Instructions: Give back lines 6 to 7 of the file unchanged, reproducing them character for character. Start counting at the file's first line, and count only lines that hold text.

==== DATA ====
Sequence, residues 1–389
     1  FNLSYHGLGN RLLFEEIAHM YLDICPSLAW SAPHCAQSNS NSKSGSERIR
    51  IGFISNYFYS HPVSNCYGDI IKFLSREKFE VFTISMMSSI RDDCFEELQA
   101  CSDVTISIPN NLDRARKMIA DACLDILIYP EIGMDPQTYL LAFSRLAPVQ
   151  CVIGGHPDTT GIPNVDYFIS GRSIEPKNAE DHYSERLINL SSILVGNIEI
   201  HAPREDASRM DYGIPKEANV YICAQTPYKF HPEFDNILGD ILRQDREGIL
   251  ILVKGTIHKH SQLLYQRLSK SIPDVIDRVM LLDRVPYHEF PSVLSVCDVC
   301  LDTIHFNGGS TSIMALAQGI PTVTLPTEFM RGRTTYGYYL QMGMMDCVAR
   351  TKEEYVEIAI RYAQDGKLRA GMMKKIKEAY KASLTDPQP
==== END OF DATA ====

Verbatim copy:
   201  HAPREDASRM DYGIPKEANV YICAQTPYKF HPEFDNILGD ILRQDREGIL
   251  ILVKGTIHKH SQLLYQRLSK SIPDVIDRVM LLDRVPYHEF PSVLSVCDVC